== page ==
Silence returned. Waves crashed in rhythm against the raider’s ship. Their eyes widened at a furred monster crawling out from the darkened veil. The raiders stepped back, two not swift enough to evade the striking monster. Cries and grunts echoed into the night. Blood rose to meet the sky. The beast swung at the raiders with every attempt to climb free. Each strike caused the longboat to sway back and forth. Wood whimpered beneath the beast’s heavy weight. Those sturdy enough to stay upright on the rocking boat, found its gilt eyes glaring back at them.

A dark ichor streamed down the beast’s shoulder. The monster flexed its injured limb. Slow puffs of air came from its long nostrils.

“It grows weary, men,” cried one of the raiders. “If it can bleed, it can die! Hack it down!”

“Rally to Christof,” one cried. He motioned to the man leading the charge.

The near dozen raiders still able to swing a blade, charged behind Christof. Their foe snarled to meet the challenge. Its muscles flexed, showing physical definition through dark fur. Christof and his men faltered at the beast’s show of strength. The beast’s stronger arm clenched a fist and swung down on him. Christof barreled into two others. Both men slid across the floor. They stopped, motionless, against the gunwales.

Cries of vengeance and agony filled the moonlit sky. Christof’s spinning vision returned at the sight of both men laying still. Crimson pools pooled around them. His fingers patted the floor in search of his sword. He found nothing but splinters. A glance into the battle revealed his men’s dwindling numbers. He looked to his other side, hoping there’d be anything with a keen edge nearby. That’s when the eye of a wolf-ax glimmered at him. Christof’s bloody fingers wrapped around the ax’s cracked handle. The night offered no time to inspect his new weapon’s condition.

Christof looked to his side. He searched until he found a pair of slumped, furred shoulders. Every pant widened its chest more than the last. The raiders left standing mirrored the beast’s stance. Fatigue weakened their knees.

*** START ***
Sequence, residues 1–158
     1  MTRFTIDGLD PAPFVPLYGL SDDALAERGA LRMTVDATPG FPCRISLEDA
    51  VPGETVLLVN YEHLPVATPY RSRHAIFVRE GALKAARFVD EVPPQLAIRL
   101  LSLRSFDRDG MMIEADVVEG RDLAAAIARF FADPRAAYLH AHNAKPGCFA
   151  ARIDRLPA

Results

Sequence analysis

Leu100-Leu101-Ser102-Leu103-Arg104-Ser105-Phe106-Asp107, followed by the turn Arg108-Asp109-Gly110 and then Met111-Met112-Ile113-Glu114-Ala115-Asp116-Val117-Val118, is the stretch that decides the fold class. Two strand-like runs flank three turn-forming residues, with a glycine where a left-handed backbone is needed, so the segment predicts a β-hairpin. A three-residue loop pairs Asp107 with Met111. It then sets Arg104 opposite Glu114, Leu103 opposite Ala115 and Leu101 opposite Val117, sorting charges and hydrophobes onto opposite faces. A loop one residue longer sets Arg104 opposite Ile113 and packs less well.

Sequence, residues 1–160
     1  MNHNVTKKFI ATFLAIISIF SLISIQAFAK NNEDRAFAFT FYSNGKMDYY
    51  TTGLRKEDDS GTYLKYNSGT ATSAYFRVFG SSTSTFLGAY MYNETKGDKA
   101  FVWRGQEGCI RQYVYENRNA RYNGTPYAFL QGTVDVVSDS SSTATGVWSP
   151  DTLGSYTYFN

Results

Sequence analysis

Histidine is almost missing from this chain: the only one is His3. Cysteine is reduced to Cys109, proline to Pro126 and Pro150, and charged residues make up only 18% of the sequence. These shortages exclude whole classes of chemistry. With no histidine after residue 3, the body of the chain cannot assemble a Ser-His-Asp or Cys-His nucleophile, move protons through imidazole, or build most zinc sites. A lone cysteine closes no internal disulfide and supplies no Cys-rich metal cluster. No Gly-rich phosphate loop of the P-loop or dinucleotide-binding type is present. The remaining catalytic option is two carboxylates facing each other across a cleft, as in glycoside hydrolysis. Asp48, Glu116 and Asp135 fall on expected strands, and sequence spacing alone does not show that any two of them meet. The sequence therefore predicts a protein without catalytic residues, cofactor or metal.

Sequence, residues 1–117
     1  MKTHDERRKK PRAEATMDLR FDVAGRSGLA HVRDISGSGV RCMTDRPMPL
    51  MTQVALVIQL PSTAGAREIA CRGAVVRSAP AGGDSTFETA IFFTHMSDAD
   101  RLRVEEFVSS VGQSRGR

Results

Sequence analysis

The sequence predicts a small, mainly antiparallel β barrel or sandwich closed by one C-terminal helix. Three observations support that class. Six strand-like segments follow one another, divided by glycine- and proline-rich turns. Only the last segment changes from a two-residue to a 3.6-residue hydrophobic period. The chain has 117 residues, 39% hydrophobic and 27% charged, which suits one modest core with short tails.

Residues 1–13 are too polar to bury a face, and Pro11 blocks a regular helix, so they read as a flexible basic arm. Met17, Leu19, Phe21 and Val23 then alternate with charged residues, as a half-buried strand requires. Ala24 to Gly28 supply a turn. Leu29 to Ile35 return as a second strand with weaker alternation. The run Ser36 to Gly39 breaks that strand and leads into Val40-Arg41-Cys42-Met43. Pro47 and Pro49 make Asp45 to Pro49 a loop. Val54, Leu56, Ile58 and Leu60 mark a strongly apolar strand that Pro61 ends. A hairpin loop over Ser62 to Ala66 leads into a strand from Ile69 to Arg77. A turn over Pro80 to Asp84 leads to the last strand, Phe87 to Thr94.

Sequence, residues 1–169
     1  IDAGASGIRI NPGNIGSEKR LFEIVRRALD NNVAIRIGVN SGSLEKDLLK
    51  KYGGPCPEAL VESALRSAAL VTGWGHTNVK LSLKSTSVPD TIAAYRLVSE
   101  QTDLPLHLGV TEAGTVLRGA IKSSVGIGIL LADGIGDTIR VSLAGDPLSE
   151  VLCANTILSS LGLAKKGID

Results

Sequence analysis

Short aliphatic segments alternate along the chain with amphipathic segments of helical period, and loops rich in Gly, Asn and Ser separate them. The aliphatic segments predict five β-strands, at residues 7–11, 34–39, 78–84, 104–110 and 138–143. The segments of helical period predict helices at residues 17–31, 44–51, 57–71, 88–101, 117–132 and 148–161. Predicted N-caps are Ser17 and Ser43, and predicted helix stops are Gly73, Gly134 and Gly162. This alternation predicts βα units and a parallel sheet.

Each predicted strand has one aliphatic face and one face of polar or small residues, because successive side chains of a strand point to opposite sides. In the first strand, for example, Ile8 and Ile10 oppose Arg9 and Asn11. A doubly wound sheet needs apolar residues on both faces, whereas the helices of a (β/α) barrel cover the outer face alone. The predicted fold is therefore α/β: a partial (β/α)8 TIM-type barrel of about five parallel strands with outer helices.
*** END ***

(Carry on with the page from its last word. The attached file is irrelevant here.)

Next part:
“Do not halt men,” Christof shouted. “It is weak! Show no mercy!”

The two men nearest to the beast, challenged it, with swords held high. Before either man landed their blow, a heavy swing from the beast’s claw caught one of them. His helm soared through the air, splashing somewhere into the sea. The raider’s head snapped against the claw’s impact. A limp neck turned his glazed eyes to the men he had rallied alongside with. Christof willed both knees to lockout as he watched blood dribble from his fellow’s mouth. The mangled body fell forward with a crash. It landed, forcing a sharp exhale; his spirit’s departure for Valhalla.

A mass of armor and flesh collided with Christof during his distraction. The wind forced its way out of his lungs. Death’s stench filled Christof’s nose. He coughed on blood trickling into his throat. His head bounced off the longboat’s deck. The mass pressed against his torso, forcing Christof to one side. His hand slipped and found the bloody remains of a dead man’s arm. Its protruding bone tapped Christof’s forehead. Pink stains revealed where flesh had been torn off.

Christof’s trembling knuckles whitened around the wolf’s ax as he returned to his feet. The cry of revenge had silenced. Iron no longer hissed through the air. Christof looked upon the beast. Its long claws wrapped around a raider’s head and neck. The beast swung him overhead. With a single-arm, it drove the man back down to the wooden floor. Snapping bones marked the raider’s impact. Teeth scattered across the floor to soak in nearby crimson pools.

“Release him,” said Christof.

The beast swung the raider once more. This time, his limp body wrapped around the mast. Eyes burst open, spilling down the raider’s face. He made no sound and gave no effort to resist his fall as the monster released him.

Gilt eyes fell upon Christof. The raider took hold of an oval shield and steadied it below his vision. The wolf-ax rested in his whitened knuckles. Christof bent his knees, mimicking the readiness of the creature. Sweat beaded his forehead. A slight dizziness reminded him to take in a breath.